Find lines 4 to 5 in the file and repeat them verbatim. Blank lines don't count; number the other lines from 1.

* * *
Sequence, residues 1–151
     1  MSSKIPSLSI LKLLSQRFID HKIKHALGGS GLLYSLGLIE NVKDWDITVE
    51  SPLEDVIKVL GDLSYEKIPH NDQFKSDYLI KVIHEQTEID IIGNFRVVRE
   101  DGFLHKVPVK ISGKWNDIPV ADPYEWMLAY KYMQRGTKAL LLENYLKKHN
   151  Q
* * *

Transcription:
   101  DGFLHKVPVK ISGKWNDIPV ADPYEWMLAY KYMQRGTKAL LLENYLKKHN
   151  Q